Elon Musk’s mega-battery in Australia earned its owner $800,000 over two days recently and is successfully smoothing out power generation, stepping in when coal plants go out. That is something gas turbines used to do, and they are no longer needed. In fact, neither is the coal any longer needed if you can combine solar and wind with mega-batteries. Which is the next step.

For people who have to drive and aren’t in the Tesla 3 queue, the Chevy Bolt (the best-selling electric vehicle in the US) is an attractive option at the moment, and it is only the beginning of the Chevy electric fleet. Combine it with rooftop solar panels and you’ll pay off both in 7 years after which fuel for house and car is free.

A challenging amount of global heating will be difficult. You will like severe even less. The third level and possibility is catastrophic, which speaks for itself. It all depends on how much we fart.


Bonus video:

Guardian News: “Drone footage shows Paris flooding”

2 Responses

  1. Bruno Latour, the French polymath, continues his decades of work to understand the modern frame that has allowed us to not respond to what he calls The New Climate regime. And he points out that it is the most important political actor today. Under its authority the nations of the world came to the agreement in COP21. The book reviewed below follows from his Gifford Lectures in which he argues that science, politics and religion have to be brought together to see what is going on. He is now on a 2 year project situated in Germany to bring together artists and others to represent the anthropocene so earthbounds can begin the diplomatic work to collectively respond to the earth.

    Human-caused climate change reawakens an apocalyptic sensibility, altering everything we do, think, and feel, whether we acknowledge it or not. “We have become the people who could have acted thirty or forty years ago – and did nothing, or far too little.” Political cataclysms are as much part of this “new climate regime” as hurricanes and wildfires: after the US election, Latour described the “innovation” of Donald Trump as “a mad dash for maximum profit while abandoning the rest of the world to its fate.” Trump would be the first truly ecologically-oriented president, through pure negativity: “For the first time, climate change denial is determining all political decisions.”2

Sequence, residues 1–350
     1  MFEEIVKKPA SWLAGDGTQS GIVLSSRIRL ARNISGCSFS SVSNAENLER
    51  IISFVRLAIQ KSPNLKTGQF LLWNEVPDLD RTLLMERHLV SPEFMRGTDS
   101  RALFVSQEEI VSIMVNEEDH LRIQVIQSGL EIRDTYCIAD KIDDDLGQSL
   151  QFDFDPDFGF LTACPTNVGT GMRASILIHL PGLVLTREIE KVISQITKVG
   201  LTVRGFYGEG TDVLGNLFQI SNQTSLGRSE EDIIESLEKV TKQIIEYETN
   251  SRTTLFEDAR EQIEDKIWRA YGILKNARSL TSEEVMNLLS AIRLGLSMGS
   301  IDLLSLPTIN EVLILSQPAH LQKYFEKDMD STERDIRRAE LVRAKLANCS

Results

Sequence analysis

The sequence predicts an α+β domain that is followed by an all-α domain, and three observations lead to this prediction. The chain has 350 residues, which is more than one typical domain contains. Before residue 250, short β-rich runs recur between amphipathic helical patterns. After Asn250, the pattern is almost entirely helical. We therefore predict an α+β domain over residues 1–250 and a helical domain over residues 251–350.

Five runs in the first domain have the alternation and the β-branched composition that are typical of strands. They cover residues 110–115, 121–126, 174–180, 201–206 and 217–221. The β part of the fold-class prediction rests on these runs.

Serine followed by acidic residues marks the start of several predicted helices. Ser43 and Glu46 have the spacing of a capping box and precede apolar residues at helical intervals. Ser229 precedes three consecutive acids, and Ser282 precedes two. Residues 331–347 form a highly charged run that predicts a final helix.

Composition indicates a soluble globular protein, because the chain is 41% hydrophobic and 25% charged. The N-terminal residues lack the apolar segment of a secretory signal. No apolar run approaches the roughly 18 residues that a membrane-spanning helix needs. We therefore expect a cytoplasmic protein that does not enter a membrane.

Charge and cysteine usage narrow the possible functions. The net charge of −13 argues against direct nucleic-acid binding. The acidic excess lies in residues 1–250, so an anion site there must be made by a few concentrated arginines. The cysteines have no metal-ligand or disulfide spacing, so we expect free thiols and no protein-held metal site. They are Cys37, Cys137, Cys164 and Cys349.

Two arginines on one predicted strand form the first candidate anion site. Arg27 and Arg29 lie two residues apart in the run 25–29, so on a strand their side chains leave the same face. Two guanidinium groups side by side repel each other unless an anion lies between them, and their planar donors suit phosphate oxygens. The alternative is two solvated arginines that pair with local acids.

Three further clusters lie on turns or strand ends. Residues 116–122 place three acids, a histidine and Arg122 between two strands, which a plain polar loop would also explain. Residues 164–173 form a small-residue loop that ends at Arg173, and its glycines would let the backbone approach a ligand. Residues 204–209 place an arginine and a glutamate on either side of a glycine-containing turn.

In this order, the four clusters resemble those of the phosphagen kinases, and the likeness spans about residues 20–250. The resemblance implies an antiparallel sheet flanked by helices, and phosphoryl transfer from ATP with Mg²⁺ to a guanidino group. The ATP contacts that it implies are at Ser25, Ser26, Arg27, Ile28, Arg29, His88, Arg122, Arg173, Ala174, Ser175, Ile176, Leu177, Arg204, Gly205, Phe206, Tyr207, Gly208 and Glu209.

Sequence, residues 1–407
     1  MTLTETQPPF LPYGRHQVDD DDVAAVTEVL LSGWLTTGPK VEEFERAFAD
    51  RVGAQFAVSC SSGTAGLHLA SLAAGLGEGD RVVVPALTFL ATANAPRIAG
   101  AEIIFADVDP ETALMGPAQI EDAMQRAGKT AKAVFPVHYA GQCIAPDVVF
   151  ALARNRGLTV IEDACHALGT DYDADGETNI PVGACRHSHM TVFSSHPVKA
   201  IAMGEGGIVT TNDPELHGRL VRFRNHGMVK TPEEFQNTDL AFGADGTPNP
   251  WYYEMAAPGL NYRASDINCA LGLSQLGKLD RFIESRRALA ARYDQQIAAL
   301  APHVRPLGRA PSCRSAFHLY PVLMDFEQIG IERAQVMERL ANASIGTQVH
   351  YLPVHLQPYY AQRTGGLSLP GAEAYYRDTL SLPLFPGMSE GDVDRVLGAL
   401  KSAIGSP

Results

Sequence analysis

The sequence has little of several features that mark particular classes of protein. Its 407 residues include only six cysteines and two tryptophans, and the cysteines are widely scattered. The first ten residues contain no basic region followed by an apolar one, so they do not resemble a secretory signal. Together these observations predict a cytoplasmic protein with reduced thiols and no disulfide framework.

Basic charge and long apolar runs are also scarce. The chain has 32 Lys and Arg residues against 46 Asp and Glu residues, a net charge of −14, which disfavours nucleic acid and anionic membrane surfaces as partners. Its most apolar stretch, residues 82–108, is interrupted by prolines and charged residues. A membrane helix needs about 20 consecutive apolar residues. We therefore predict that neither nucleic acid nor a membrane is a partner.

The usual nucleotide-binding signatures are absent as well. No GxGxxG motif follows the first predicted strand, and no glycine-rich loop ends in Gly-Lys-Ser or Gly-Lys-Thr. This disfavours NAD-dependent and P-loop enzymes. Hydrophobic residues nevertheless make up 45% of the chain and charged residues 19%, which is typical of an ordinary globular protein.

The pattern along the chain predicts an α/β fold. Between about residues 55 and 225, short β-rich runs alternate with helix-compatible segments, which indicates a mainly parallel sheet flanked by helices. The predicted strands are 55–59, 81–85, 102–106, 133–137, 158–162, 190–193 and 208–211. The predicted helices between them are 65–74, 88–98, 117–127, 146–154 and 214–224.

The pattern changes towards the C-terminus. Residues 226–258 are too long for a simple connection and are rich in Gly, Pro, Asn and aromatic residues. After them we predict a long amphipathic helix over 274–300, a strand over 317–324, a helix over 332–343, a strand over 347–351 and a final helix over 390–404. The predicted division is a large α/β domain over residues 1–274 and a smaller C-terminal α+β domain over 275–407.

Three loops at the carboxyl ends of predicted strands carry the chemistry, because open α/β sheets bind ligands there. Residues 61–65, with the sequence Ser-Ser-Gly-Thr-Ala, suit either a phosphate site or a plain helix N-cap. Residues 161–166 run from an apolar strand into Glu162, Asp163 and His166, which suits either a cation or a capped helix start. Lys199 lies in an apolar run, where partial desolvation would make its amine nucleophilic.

What would it take to shake us out of our denial, delusional hope, or numb passivity—all these ways in which “ecology is making us crazy”? We need new senses and new tools for thought, Latour contends. Not just more carefully verified observations and arguments, but “plays, exhibitions, art forms, poetry, and maybe also rituals” that can sensitize us to the feedback loops between our smallest actions and their consequences near and far.3 “Gaia” is one such conceptual experiment.


  2. The second part of the climate disaster rarely ever gets talked about: deforestation. If this is not addressed, then all the clean energy in the world wont help. I highly suggest studying Viktor Shauberger’s works on water and forestry. The problem we face is much more severe than most people are understanding and no one is even considering alternatives.

    “Researchers found that forest areas in South America, Africa and Asia – which have until recently played a key role in absorbing greenhouse gases – are now releasing 425 teragrams of carbon annually, which is more than all the traffic in the United States.”

    The above should be a huge cause for alarm, yet I have only ever seen this published in the Guardian.

Comments are closed.